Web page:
CAM: What was your own childhood like?
VS: I grew up in Larchmont, New York. I had the most ordinary suburban upbringing, which I've pretty much replicated, even though when I was in high school—being the rebellious teenager— I would say, "This God-forsaken, soulless suburb! With God as my witness, I will never end up in a place like this!" And now I live in Bethesda, which is completely identical, and I'm so happy. So much for teenagers.
CAM: What was Cornell like for you?
VS: I majored in Russian and Soviet studies. I was also into taking English classes, and all my friends were artsy-fartsy. We walked around barefoot on the Arts Quad and wore long skirts and Indian schmatas from the House of Shalimar. I wish I didn't cut the classes that I did, but it's part of the college experience.
CAM: Were you involved in journalism on campus? The Daily Sun or WVBR?
VS: No. I had absolutely no idea of what I wanted to do with my life. I just followed my interests. I had exposure to so many things: art, literature, languages. It was an extraordinary time, and I'm glad I didn't focus on career preparation. Maybe that's an irresponsible thing to say in this economy—but, boy, you never get that again.
CAM: What did you do after graduation?
VS: I graduated early and spent what would have been the spring semester of senior year in Moscow studying for my master's degree from Middlebury. Then I worked as a tour guide going back and forth to the Soviet Union, which was the best post-college job you could imagine. I had a blast. I'd leave with a group from Kennedy Airport and stay with them for two weeks, come home for one day, do my laundry, and leave again. When I find time, I'm going to write an article—if not a book—about how everything I learned about management and leadership, I learned as a tour guide at twenty-two.
CAM: So how did being a tour guide lead to a career in media?
VS: After four years there was pressure from my parents: "Are you going to live out of a suitcase for the rest of your life? How are you going to meet your husband?" So I looked around for other opportunities. I had given Russian lessons to a couple of PR executives from Turner Broadcasting, and they were looking for a production assistant—that was the title, but it was just a flunky job. The cool thing was that because I could speak Russian and I knew the Soviet Union, I got to travel with some of the top executives, be with them to translate for their meetings, make their restaurant reservations, fetch their coffee. So I got to learn about media as a complete peon, sitting at the feet of the highest executives.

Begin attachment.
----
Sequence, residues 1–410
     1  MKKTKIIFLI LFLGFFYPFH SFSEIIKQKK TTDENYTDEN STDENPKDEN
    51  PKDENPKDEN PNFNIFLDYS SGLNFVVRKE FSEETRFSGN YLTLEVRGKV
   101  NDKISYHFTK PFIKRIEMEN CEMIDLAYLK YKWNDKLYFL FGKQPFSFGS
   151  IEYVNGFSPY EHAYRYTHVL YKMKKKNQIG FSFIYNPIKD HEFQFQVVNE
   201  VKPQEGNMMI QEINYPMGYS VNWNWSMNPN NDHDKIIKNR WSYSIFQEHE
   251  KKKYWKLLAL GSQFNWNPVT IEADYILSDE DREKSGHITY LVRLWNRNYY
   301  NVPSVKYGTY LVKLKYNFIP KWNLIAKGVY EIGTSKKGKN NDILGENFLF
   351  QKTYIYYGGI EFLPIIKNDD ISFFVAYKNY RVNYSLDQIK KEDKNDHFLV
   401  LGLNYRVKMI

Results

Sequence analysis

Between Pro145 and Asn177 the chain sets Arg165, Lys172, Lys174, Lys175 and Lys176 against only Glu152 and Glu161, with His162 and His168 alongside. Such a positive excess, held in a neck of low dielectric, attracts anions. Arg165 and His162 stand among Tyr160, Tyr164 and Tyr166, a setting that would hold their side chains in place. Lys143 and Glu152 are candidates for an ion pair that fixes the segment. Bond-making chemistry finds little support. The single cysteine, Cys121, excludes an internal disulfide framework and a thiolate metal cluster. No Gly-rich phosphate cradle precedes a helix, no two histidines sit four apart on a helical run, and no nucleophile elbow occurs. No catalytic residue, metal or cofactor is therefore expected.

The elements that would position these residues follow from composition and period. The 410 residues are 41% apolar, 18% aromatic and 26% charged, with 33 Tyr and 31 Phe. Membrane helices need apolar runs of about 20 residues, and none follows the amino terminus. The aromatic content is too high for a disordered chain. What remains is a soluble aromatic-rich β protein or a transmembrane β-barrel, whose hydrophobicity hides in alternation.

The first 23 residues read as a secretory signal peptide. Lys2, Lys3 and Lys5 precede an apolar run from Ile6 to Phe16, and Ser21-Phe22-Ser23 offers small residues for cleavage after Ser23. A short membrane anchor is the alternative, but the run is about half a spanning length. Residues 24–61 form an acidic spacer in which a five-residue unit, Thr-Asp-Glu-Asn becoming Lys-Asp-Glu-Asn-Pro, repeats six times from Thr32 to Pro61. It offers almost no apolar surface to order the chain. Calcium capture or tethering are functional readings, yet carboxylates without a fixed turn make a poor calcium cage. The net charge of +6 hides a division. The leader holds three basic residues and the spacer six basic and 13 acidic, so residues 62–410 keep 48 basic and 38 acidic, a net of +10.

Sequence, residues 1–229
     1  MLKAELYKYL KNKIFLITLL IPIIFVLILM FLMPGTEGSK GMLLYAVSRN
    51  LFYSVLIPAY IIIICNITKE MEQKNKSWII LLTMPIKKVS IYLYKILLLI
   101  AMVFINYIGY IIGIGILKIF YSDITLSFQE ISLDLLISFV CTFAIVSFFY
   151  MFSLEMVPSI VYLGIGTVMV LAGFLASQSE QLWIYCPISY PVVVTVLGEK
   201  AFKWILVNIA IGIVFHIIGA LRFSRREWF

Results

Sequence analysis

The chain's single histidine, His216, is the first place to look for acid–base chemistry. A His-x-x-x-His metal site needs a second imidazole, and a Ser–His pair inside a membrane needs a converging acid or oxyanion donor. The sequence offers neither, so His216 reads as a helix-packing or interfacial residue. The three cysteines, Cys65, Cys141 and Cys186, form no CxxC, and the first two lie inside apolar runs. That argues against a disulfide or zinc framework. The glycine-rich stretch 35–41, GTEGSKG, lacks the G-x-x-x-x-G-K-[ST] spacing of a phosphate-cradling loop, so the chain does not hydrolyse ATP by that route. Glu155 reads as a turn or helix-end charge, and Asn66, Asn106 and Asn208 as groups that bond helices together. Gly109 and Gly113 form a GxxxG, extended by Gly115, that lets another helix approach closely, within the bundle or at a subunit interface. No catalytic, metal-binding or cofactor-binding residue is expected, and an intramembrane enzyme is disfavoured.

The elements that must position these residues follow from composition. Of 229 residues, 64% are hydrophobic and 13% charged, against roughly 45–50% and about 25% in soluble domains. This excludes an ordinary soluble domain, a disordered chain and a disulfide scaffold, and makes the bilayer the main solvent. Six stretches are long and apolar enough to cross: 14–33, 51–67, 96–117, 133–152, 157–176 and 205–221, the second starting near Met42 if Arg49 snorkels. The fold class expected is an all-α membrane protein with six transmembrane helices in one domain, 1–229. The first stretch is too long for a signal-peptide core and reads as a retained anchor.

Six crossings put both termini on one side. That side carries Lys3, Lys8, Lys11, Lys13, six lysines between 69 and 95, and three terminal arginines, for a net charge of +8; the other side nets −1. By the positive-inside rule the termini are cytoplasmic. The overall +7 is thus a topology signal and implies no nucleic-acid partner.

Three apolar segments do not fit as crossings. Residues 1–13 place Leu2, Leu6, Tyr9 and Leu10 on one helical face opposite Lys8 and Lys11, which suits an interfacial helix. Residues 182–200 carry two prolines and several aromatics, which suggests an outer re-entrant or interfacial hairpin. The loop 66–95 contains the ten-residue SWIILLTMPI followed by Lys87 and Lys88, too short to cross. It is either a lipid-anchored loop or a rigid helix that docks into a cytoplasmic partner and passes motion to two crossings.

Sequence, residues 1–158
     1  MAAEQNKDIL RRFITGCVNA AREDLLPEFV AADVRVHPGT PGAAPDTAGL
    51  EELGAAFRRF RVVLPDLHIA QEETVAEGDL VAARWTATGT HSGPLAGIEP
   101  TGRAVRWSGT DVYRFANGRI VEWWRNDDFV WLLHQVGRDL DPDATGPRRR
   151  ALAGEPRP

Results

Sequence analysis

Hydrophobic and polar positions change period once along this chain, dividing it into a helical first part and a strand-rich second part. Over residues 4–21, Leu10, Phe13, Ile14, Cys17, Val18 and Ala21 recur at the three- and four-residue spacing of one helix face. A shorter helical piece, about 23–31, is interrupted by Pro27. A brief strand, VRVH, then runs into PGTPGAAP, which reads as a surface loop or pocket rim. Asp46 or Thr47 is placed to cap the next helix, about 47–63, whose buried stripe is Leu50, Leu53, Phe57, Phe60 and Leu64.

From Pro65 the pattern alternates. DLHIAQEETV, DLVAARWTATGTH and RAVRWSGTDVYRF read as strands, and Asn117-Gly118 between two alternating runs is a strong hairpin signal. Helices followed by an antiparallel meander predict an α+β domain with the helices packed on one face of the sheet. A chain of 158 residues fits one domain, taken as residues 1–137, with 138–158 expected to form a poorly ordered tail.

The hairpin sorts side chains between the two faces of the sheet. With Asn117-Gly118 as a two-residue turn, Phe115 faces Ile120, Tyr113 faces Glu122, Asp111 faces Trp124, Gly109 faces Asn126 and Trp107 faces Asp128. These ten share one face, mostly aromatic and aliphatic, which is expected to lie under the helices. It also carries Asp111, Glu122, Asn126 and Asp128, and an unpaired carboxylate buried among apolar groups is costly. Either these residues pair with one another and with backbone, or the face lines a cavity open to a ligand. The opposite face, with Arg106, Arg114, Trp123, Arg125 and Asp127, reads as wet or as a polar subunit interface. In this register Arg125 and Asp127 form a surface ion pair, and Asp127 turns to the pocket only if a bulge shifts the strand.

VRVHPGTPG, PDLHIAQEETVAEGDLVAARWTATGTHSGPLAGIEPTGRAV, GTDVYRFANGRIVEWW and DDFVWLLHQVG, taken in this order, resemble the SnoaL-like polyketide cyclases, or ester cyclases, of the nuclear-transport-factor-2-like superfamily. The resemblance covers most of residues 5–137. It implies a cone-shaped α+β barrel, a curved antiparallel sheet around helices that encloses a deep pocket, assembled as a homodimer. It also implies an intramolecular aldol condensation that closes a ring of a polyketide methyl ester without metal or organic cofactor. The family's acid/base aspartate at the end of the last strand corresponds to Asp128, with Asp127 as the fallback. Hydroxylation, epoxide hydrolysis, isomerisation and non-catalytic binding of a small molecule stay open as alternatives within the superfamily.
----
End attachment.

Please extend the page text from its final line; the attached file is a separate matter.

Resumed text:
CAM: Given your long tenure in the media, has anything about this job surprised you?
VS: I guess I underestimated the power that NPR has over the audience. I feel like a rock star sometimes. People who appreciate the New York Times will go, "Oh, you work for the Times, that's such an important institution." But at NPR, they're like, "Oh my God, this is part of my life, this is part of who I am— I'm an NPR listener." It's this heartfelt, visceral response. It makes me feel like, wow, we have a big responsibility.
CAM: What are you consuming in the mass media these days?
VS: Despite the fact that I work at a news organization, I'm not a high-brow media consumer—it's not like I'm always sitting around reading the Economist. I love movies, I love television, I read. And eating is a big part of my life. I love ethnic food, Middle Eastern, Greek.
CAM: If there were an NPR program called "The Vivian Schiller Show," what would it be like?
VS: It'd be all over the place. We'd be talking about the meal I had last night, and the next minute we'd be talking about what's going on in Afghanistan, and the next minute we'd be talking about last night's episode of "Desperate Housewives." I guess it'd sort of be like NPR.
In Character: Cookie Monster (5:15)